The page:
Top Cat Breeds for Children

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Do children and cats mix? If you’re thinking about bringing home a feline friend for the little ones in your family, you want to choose a breed that will put up with some poking and prodding—though it’s also important to teach kids to treat companion animals with respect. Cats make great pets for children as they generally require less maintenance and are easier to care for than dogs. At the same time, they teach youngsters patience, responsibility, and compassion. 

Wondering which cat breeds are the best for children? Read on to find out!

#1. Maine Coon

Known as the gentle giant of house cats, the Maine Coon has a heart that’s as big as their body. Friendly and laidback, they get along well with children and other pets. They’re affectionate without being clingy, so while they like to follow their favorite people around the house, they won’t bug your kids if they’re busy doing homework.

#2. American Shorthair

Good-natured and easygoing, the American Shorthair is a great addition to a household with kids and other animals. They have a middle-of-the-road temperament: not too cuddly and not too aloof, not too lazy and not too active. They also typically have long lifespans, making them an ideal companion for young children to grow up with.

#3. Burmese

The Burmese is a furrific choice for a family who can give them the attention they need. Often described as dog-like, this breed can be taught a variety of tricks, including sit, roll over, and fetch. They can even learn to walk on a leash! Playful and people-oriented, the Burmese loves amusing their humans with their antics, even in their senior years.
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#4. Ragdoll

Many cats don’t like being picked up, but not the Ragdoll. With a tendency to melt into the arms of anyone who holds them, this breed is a purrfect match for kids who want a feline friend that they can carry around. And while they are docile and not very active, the Ragdoll still enjoys playing with toys and being part of family activities.

#5. Manx

Active children will find a feline BFF in the Manx. This tailless island cat likes chasing after toys, playing in water, and jumping onto high spots around the house. They also enjoy spending quality time with their humans and going on car rides, making them pawtastic companions for road trips.

#6. Abyssinian

Smart and athletic, the Abyssinian is best suited for a family with older kids. This breed prefers not to be cuddled, but that doesn’t mean they’re standoffish. An Aby will follow you from room to room and appreciate being included in household activities—just don’t try to pick them up. They show their devotion by being near you and entertaining you with their antics.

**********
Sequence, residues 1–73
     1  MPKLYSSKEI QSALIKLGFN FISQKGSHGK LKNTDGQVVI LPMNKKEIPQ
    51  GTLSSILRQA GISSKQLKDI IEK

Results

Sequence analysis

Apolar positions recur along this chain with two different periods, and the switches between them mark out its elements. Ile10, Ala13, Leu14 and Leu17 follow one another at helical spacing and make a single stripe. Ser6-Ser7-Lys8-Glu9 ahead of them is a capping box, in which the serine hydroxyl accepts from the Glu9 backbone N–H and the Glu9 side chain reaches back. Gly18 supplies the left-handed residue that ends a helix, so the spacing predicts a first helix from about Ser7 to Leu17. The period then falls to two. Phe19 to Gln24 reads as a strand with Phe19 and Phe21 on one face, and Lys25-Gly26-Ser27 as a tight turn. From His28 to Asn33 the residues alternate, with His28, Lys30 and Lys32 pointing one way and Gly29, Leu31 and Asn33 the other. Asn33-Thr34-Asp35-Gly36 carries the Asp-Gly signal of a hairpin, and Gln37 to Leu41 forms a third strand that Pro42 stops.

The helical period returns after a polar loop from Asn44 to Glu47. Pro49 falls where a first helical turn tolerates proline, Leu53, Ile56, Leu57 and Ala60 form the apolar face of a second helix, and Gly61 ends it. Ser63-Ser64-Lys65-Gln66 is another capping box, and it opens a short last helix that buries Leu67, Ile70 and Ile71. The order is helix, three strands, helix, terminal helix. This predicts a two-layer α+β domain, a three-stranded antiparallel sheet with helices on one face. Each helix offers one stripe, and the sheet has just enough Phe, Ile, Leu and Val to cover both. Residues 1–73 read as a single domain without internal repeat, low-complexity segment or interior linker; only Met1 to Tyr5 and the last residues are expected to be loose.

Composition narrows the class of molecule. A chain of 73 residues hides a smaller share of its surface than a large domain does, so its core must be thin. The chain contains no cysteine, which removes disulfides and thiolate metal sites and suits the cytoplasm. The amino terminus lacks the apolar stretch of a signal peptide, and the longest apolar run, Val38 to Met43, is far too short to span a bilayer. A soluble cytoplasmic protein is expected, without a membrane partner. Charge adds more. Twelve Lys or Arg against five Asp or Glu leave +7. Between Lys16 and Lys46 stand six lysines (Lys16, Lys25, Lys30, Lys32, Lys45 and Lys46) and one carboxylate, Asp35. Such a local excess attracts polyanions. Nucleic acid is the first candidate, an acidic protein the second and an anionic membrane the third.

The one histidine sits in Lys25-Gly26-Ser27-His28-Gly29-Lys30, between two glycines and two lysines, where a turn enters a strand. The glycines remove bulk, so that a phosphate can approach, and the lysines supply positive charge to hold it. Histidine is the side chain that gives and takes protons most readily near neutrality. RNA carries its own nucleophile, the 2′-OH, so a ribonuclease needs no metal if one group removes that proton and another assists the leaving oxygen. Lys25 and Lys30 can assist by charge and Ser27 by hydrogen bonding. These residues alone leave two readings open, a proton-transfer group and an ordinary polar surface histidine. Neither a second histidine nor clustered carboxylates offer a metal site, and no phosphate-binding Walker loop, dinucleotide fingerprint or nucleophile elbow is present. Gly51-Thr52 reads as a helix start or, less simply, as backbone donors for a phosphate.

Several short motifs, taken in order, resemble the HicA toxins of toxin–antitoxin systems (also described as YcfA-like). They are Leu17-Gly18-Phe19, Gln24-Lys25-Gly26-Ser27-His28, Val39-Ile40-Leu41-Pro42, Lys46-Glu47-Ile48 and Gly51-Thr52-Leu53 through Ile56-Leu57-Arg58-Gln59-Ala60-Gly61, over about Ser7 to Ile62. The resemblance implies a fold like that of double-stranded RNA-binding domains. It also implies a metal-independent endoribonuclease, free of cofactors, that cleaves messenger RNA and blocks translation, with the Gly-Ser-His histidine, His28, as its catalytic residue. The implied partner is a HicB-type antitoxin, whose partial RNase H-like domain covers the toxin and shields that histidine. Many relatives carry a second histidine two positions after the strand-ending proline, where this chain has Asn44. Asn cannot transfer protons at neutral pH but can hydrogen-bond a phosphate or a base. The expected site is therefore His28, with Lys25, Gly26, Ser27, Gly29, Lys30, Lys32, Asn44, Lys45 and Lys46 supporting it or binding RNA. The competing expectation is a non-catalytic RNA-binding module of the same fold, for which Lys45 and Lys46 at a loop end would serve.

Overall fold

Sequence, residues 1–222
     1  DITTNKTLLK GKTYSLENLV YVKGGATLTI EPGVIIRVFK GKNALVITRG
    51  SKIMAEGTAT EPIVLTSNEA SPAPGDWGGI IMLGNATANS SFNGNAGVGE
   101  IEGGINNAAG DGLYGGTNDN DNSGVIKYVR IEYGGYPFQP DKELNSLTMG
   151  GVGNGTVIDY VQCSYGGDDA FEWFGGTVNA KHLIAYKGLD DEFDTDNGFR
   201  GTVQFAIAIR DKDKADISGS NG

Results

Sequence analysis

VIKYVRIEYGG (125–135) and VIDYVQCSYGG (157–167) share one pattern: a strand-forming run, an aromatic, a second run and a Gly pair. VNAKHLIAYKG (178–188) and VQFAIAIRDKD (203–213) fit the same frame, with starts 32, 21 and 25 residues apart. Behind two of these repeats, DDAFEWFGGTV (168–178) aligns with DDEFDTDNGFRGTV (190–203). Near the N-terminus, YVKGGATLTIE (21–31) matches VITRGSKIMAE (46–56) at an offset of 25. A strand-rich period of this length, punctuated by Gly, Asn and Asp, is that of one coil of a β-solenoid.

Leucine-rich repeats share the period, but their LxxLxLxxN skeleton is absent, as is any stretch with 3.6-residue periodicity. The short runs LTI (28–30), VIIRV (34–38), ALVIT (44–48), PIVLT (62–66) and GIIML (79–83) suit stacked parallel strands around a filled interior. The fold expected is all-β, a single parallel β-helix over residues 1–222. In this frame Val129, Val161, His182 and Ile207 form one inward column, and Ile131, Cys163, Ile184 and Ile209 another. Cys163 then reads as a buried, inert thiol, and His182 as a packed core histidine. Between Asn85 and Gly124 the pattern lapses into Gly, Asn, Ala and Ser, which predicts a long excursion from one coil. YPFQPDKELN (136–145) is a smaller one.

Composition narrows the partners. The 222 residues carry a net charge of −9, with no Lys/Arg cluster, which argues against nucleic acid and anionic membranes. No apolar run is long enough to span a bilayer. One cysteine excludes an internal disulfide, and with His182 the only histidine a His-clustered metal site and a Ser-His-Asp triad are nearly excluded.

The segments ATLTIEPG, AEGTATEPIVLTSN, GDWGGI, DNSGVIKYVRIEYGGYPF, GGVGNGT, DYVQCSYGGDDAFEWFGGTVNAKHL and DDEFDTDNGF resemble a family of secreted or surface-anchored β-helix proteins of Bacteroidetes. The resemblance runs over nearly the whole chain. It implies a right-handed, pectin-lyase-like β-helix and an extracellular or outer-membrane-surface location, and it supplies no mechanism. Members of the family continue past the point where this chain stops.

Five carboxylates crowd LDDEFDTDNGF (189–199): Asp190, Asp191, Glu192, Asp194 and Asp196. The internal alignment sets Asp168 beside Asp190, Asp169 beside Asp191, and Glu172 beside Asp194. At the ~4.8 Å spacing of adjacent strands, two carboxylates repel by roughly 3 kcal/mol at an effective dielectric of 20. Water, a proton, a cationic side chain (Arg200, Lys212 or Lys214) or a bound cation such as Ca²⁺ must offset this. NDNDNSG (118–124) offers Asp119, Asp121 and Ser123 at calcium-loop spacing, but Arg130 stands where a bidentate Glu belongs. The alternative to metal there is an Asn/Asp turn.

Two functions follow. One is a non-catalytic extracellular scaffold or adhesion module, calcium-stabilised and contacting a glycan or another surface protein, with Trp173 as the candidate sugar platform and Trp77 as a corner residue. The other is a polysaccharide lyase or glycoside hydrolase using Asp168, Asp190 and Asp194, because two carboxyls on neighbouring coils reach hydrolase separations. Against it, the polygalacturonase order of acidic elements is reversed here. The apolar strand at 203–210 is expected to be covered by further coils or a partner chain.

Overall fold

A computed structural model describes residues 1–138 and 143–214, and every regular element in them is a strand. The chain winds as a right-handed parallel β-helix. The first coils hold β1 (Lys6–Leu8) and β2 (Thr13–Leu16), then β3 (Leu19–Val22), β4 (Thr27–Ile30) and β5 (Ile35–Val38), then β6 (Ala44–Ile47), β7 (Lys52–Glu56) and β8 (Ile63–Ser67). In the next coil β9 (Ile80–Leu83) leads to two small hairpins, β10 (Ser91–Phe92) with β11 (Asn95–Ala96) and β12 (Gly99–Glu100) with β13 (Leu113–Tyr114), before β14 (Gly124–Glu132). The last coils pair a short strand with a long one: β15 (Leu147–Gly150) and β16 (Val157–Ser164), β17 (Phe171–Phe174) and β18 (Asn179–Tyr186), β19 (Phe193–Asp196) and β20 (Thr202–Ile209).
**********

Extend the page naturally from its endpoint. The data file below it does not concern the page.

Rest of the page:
#7. Birman

The quiet and gentle Birman can get along with pretty much anyone, including children and other animals. Because of their inquisitiveness, Birmans have been known to get into sticky situations, so they may require extra supervision. Nevertheless, their sweet nature makes them easy to handle and their intelligence makes them a joy to train—all great qualities for a house cat!

#8. Himalayan

Calm and docile, the Himalayan makes a wonderful companion, but they’re not for every child. This long-haired beauty isn’t a fan of loud environments, so the best fit for them is a child who knows how to be gentle with animals. Handle a Himmie with care, and they won’t mind being combed and pushed around in a stroller (but no dress-up, please).

#9. Siberian

For a cat who isn’t fazed by activity or noise, look no further than the Siberian. Playful and affectionate, this Russian forest cat will fit right into a home with kids and other pets. Always looking for something to do, they will gladly play with children or seek adventures of their own, from leaping onto high surfaces to playing with water.

#10. British Shorthair

The British Shorthair tends to be loyal to the entire family rather than just one person, making them an excellent addition to any home. They are good with kids (and cat-friendly canines), and children love them for their plushie-like appearance and good manners. Despite being even-tempered, the British Shorthair doesn’t like being picked up. They do, however, appreciate quality time with their people.